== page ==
Graham threatens to abstain from voting until CIA briefs Senate on Khashoggi killing

Sen. Lindsey GrahamLindsey Olin GrahamWhite House won't move forward with billions in foreign aid cuts GOP group calls on Republican senators to stand up to McConnell on election security in new ads Cindy McCain says no one in Republican Party carries 'voice of reason' after husband's death MORE (R-S.C.) on Wednesday threatened to withhold any “key vote” until the CIA briefs the Senate on its assessment of whether Saudi Crown Prince Mohammed bin Salman ordered the killing of U.S.-based journalist Jamal Khashoggi.

“Anything that you need me for to get out of town, I ain’t doing it until we hear from the CIA,” Graham told reporters after a briefing from Secretary of State Mike PompeoMichael (Mike) Richard PompeoThe Hill's Campaign Report: Democratic field begins to shrink ahead of critical stretch Putin orders response to US missile test The Hill's Morning Report: How will Trump be received at G-7? MORE and Defense Secretary James MattisJames Norman MattisOnly Donald Trump has a policy for Afghanistan New Pentagon report blames Trump troop withdrawal for ISIS surge in Iraq and Syria Mattis returns to board of General Dynamics MORE on U.S.-Saudi relations.

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Mattis and Pompeo focused their efforts on trying to persuade senators to oppose a resolution coming up for a first vote Wednesday afternoon that would end U.S. military support for the Saudi-led coalition's military operations in Yemen in the wake of Khashoggi's death inside the Saudi Consulate in Istanbul last month.

Senators were hoping the briefing would involve CIA Director Gina Haspel, who previously traveled to Turkey to review its evidence in the Khashoggi case, including an audio recording of his dying moments. The CIA has reportedly concluded that Crown Prince Mohammed ordered the murder of Khashoggi, a Washington Post contributor.

Sen. Dick DurbinRichard (Dick) Joseph DurbinSenate Democrats push Trump to permanently shutter migrant detention facility House panel investigating decision to resume federal executions To combat domestic terrorism, Congress must equip law enforcement to fight rise in white supremacist attacks MORE (D-Ill.) said Wednesday that Pompeo and Mattis confirmed the White House prevented Haspel from attending the Senate briefing.

In a statement later Wednesday, the CIA denied Haspel was blocked from attending.

“While Director Haspel did not attend today’s Yemen policy briefing, the agency has already briefed the Senate Select Committee on Intelligence and congressional leadership on the totality of the compartmented, classified intelligence and will continue to provide updates on this important matter to policymakers and Congress," CIA Press Secretary Timothy Barrett said. "The notion that anyone told Director Haspel not to attend today's briefing is false.”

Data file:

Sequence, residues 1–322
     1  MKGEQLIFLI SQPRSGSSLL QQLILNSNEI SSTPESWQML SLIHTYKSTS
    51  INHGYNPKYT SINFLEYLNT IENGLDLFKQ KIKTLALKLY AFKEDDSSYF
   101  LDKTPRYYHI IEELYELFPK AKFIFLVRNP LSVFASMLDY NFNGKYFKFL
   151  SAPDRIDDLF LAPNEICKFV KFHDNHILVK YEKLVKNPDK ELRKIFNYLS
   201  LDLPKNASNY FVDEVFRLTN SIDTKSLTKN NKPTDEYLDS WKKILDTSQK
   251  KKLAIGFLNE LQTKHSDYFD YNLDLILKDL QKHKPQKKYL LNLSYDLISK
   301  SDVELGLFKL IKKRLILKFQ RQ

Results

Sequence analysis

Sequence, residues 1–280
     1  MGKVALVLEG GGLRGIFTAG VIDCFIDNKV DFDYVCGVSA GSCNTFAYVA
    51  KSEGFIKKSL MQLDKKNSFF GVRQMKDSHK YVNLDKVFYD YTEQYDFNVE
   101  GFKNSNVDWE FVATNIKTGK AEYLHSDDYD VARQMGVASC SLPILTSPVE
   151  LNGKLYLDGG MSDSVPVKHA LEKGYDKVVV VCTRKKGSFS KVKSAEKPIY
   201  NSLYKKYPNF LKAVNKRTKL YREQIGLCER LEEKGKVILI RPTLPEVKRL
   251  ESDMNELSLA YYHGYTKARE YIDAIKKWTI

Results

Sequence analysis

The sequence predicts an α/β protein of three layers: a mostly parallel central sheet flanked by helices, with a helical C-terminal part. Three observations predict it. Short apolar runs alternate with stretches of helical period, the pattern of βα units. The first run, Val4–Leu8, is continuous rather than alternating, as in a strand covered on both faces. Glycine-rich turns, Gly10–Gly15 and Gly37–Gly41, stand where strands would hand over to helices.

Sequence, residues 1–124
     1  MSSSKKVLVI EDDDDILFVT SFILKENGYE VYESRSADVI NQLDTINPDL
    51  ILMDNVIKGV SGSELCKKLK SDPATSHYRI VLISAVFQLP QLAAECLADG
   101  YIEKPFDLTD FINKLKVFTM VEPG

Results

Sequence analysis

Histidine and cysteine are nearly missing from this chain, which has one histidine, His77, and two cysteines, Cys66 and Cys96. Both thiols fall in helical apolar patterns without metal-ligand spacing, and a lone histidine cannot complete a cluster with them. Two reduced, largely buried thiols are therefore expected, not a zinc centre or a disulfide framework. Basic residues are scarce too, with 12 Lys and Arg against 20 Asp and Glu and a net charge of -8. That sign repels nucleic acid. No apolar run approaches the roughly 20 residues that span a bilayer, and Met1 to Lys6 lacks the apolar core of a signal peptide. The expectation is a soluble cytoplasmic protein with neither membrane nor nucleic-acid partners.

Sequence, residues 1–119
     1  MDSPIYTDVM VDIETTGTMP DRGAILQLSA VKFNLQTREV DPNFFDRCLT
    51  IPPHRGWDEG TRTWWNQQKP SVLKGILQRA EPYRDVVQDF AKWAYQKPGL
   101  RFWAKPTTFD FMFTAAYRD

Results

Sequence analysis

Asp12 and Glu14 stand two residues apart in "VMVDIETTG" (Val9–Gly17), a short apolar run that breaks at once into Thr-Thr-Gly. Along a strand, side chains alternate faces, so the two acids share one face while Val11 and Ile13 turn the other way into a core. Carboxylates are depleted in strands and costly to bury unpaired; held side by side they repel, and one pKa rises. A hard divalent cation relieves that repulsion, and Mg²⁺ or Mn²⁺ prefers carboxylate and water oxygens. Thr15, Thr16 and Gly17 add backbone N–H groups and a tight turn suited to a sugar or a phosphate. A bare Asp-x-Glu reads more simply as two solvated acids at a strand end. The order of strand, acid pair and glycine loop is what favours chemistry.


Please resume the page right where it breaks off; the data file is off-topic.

President TrumpDonald John TrumpThe Hill's Campaign Report: Democratic field begins to shrink ahead of critical stretch To ward off recession, Trump should keep his mouth and smartphone shut Trump: 'Who is our bigger enemy,' Fed chief or Chinese leader? MORE has pushed back on reports of the CIA’s assessment, and Pompeo said Wednesday there is no “direct reporting” from U.S. intelligence connecting Crown Prince Mohammed to the kill order.

But senators remain skeptical that the operation could have been carried out without the approval of the crown prince, who is the kingdom’s day-to-day leader.

Graham called Wednesday’s briefing “inadequate” because it lacked a representative from the CIA.

“I’m not going to blow past this,” he said. “So if that briefing is not given soon, it’s going to be hard for me to vote for any spending bill.”

Asked if he was only threatening to withhold votes on the spending bill, Graham said he was “talking about any key vote.”

Further asked if he’s made his stance clear to Trump, Graham said he “just did.”

Congress has until Dec. 7 to pass a spending bill covering several government agencies and to avert a partial government shutdown.

One of the outstanding spending bills is for the State Department, and Graham chairs the Appropriations subcommittee responsible for that measure.

Negotiations on a spending bill have already been complicated by Trump’s insistence that it include funding for his proposed wall on the southern border.

The Senate has also teed up confirmation votes on several federal judges, a key priority for Republicans. But that effort, too, has been complicated by Sen. Jeff FlakeJeffrey (Jeff) Lane FlakeAnti-gun violence organization endorses Kelly's Senate bid Arpaio considering running for former sheriff job after Trump pardon Overnight Energy: Warren edges past Sanders in poll of climate-focused voters | Carbon tax shows new signs of life | Greens fuming at Trump plans for development at Bears Ears monument MORE (R-Ariz.), who is withholding his votes until the Senate considers his bill to protect the special counsel's investigation into Russian election interference.

Updated at 3:41 p.m.